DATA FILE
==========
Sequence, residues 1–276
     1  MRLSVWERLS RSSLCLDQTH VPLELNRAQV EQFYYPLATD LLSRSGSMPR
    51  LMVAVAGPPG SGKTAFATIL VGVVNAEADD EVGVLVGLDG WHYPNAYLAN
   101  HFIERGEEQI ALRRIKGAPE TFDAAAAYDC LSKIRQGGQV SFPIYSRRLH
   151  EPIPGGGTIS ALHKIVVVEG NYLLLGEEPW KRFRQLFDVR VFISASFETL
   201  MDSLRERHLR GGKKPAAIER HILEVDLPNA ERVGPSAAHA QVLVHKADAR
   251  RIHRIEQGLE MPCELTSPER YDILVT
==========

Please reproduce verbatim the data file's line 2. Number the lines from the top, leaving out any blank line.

     1  MRLSVWERLS RSSLCLDQTH VPLELNRAQV EQFYYPLATD LLSRSGSMPR